The Time Frame of the 12 Step Program
All 12 step programs are managed either by a spiritual advisor or a sponsor or group leader. There are thousands of recovery meetings held around the world. Each meeting may vary just as much as each location. At one class, the adviser may steer the group through the first step over a period of weeks, even months, yet in another location of the same program, the sponsor may go through each step of the process at a rapid pace.
An Effective 12 Step Program
A 12 step program can only be successful if the individual completely comprehends the meaning and necessity of each step. A level of comprehension such as this includes the knowledge of the meaning of each term associated with a particular stage of the process. Previous efforts have proven that when people do not understand the terms themselves, then the individuals will not be able to comprehend the full intent of the step.
As a result, this lack of knowledge will make it impossible for the person to comply with the demands of the program. When the concepts are finally realized, the alcoholic’s or addict’s understanding of the step should be followed by idea, activating questions like, “What happens if this does occur? How can it not occur?” Questions such as these confirm whether or not a person beginning the recovery process understands the step before applying it to himself.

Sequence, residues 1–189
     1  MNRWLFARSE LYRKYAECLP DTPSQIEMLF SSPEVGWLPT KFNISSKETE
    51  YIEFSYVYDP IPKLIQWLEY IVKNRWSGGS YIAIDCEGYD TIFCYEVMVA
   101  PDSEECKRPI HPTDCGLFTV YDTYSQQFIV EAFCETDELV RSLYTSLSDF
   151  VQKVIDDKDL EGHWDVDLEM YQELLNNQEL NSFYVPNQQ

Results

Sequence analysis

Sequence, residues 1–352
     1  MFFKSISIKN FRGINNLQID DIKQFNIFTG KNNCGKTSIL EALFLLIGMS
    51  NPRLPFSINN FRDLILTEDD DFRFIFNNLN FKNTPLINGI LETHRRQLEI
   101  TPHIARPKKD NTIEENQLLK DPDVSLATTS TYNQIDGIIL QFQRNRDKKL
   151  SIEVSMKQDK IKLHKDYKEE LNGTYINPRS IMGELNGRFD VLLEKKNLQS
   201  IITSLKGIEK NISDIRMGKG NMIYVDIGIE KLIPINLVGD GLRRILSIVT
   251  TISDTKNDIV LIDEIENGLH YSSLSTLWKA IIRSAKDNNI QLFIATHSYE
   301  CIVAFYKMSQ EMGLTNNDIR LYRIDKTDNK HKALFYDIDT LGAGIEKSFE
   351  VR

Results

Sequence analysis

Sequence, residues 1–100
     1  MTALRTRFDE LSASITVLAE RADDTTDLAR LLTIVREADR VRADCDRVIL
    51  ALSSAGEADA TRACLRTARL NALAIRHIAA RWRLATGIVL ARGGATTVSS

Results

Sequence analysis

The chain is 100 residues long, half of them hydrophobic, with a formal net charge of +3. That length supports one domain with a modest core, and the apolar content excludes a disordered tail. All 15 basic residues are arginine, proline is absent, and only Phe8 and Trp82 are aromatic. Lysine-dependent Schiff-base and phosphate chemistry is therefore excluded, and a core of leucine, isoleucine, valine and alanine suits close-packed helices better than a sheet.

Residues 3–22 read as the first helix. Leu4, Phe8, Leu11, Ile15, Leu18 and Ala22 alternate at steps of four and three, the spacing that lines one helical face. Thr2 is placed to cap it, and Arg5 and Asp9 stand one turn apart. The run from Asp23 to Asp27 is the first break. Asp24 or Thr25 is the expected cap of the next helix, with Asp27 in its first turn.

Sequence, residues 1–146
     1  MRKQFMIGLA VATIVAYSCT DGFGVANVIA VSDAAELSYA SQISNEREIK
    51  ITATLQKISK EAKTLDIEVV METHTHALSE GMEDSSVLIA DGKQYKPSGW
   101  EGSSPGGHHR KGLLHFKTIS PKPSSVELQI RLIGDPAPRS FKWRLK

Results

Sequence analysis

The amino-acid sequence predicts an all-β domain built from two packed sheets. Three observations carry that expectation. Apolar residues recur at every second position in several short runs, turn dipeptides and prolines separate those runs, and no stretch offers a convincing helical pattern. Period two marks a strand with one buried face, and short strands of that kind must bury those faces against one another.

The Demands of the 12 Step Program
Only after an alcoholic or addict has made a mess of his life is the 12 step program typically of interest to him. Sometimes, his interest is not even the reason; in many instances, it might even be a legal requirement. Because of this, participation in an addiction or alcohol recovery group is usually a very reactionary event. Knowing the importance of each step and the ability to visualize the end goal is a huge part of using a sobriety plan effectively.
A 12 step program can only yield results when a person is fully aware of the steps he or she needs to take in order to make a total recover. Going through a meeting door for the first time should be a verbal message, “Yes I can beat this addition; I am not going to be an addict for the rest of my life.” Many people believe they cannot win the battle against drugs and alcohol, but this is far from the truth.
Everyday, former addicts and alcoholics prove the battle against drug and alcohol addiction can be beaten; it is not an incurable disease. Thousands have suffered with drugs and alcohol but are now, no longer caught up in the web of suffering. Hope exists for those being hurt by alcohol and drug addiction. One needs only to have faith in his or ability to triumph over addiction. Taking the 12 step program one step at a time will permit anyone to make a recovery a lifelong, successful endeavor.